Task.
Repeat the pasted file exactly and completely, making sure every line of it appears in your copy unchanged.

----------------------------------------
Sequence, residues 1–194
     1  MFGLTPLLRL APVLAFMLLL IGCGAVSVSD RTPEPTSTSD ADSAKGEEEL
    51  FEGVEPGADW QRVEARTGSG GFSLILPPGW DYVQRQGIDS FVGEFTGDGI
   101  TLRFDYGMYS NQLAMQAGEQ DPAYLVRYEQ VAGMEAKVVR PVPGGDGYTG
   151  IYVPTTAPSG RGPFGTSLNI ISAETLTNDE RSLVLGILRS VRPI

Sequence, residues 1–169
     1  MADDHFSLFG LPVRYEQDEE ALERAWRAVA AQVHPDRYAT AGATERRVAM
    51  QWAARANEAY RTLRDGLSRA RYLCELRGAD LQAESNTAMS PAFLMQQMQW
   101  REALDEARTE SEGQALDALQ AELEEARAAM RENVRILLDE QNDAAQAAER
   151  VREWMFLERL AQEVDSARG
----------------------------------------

Sequence, residues 1–194
     1  MFGLTPLLRL APVLAFMLLL IGCGAVSVSD RTPEPTSTSD ADSAKGEEEL
    51  FEGVEPGADW QRVEARTGSG GFSLILPPGW DYVQRQGIDS FVGEFTGDGI
   101  TLRFDYGMYS NQLAMQAGEQ DPAYLVRYEQ VAGMEAKVVR PVPGGDGYTG
   151  IYVPTTAPSG RGPFGTSLNI ISAETLTNDE RSLVLGILRS VRPI

Sequence, residues 1–169
     1  MADDHFSLFG LPVRYEQDEE ALERAWRAVA AQVHPDRYAT AGATERRVAM
    51  QWAARANEAY RTLRDGLSRA RYLCELRGAD LQAESNTAMS PAFLMQQMQW
   101  REALDEARTE SEGQALDALQ AELEEARAAM RENVRILLDE QNDAAQAAER
   151  VREWMFLERL AQEVDSARG